The highly anticipated UK-Gulf Co-operation Council meeting in London has been shelved as of now due to the ongoing crisis in the region.
It was promised by Theresa May, to host the first meeting of the GCC nations outside the Gulf as part of a symbolic show of UK’s effort to strengthen trade and security with the regional bloc. The situation in the region has not improved and there are chances that it can get worse.
Both the parties are trading blows on each other at every given opportunity, this could put British’s plan to set up free trade deals to supplement the loss of EU trade post-Brexit, in doubt.
In 2016, UK trade with GCC states stood at £30bn, higher than its exports to China and more than double those to India. The international trade secretary, Liam Fox, has hailed the Gulf as one of the areas in which British trade could be quickly expanded; he has identified 31 big-ticket items ranging from oil and gas to infrastructure, life sciences, the creative industries and defence.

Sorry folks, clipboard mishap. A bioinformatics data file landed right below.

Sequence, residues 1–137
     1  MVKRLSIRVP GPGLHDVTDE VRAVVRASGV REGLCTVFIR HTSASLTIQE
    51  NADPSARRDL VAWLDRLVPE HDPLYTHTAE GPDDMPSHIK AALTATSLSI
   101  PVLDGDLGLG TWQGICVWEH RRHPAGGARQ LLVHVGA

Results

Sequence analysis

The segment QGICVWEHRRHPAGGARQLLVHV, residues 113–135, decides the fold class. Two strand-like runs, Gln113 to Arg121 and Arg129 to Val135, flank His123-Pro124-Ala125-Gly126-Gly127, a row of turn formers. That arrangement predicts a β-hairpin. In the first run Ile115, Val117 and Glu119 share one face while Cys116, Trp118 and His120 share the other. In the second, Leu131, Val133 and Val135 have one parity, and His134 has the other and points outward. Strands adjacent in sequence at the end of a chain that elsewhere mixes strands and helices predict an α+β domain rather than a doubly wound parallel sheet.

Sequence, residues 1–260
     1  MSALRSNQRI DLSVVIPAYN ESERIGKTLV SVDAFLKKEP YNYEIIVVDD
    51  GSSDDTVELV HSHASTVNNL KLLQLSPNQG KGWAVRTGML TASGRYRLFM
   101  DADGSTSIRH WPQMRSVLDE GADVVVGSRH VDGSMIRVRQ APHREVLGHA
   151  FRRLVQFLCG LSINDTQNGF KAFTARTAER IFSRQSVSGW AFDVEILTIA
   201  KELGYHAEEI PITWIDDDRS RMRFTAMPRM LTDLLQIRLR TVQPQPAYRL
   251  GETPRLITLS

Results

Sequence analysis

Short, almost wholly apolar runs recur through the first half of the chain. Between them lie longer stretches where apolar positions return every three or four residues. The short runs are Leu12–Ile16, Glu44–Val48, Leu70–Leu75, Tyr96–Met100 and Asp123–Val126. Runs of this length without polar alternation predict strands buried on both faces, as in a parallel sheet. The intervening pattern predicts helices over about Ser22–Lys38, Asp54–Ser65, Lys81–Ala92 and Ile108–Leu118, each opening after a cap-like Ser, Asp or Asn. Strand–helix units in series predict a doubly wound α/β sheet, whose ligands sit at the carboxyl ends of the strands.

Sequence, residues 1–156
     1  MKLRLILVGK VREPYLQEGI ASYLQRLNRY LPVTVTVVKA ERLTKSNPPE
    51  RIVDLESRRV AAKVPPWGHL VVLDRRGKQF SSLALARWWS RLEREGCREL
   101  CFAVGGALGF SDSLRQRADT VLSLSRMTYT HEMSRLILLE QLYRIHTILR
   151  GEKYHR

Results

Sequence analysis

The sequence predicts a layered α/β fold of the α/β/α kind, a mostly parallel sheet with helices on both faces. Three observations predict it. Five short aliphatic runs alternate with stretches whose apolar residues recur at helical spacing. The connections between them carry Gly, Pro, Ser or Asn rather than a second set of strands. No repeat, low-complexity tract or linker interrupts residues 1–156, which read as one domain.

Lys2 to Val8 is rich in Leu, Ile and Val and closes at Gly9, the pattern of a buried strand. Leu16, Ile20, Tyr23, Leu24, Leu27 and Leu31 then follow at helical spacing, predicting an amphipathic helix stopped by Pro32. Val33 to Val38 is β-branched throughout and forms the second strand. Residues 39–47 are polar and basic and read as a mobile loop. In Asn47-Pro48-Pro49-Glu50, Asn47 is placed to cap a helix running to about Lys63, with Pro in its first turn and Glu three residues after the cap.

A working group has already been formed based on the Singapore-GCC model. The trade talks is vital for British as it would be difficult to strike a deal individually with each Arab state.
It should be noted that the US and UK diplomats rushed to the region in a bid to resolve the crisis.
The four Arab states severed ties with Qatar in June after accusing it of supporting terrorism, however, all such allegations were denied by Qatar immediately.